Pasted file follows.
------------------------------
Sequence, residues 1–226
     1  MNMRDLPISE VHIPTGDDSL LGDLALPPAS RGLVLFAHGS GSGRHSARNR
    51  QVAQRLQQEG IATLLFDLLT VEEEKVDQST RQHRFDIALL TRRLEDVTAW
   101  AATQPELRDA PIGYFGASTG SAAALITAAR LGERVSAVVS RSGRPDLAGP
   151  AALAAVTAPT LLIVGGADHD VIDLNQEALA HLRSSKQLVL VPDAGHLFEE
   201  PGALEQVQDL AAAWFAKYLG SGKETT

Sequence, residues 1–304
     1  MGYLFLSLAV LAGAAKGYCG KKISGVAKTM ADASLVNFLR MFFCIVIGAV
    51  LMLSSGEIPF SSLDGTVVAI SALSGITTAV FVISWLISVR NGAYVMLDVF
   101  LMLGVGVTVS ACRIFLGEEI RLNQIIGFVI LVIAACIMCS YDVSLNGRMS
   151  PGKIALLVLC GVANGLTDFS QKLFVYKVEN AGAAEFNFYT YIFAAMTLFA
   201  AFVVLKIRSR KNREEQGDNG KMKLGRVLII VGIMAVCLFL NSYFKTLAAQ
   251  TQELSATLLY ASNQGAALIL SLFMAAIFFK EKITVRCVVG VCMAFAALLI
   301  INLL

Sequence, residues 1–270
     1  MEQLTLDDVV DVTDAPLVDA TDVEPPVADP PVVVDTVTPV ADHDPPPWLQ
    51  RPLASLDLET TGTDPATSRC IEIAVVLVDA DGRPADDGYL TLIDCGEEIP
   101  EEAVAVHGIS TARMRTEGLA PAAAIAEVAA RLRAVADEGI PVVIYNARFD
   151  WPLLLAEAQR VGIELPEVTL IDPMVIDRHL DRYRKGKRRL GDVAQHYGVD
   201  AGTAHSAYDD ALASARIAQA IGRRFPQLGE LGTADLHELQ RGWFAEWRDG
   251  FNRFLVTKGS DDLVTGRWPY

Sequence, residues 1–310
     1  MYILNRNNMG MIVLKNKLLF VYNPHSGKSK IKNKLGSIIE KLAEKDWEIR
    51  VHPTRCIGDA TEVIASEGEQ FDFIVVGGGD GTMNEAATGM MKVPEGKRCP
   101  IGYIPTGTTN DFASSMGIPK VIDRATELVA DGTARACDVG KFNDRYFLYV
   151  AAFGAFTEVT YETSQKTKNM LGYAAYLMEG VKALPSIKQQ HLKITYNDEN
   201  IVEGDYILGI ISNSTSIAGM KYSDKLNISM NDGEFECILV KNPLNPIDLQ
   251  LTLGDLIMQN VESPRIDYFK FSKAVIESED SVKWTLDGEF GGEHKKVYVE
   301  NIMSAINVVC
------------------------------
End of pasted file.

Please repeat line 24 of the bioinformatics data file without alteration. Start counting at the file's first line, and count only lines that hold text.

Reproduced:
    51  VHPTRCIGDA TEVIASEGEQ FDFIVVGGGD GTMNEAATGM MKVPEGKRCP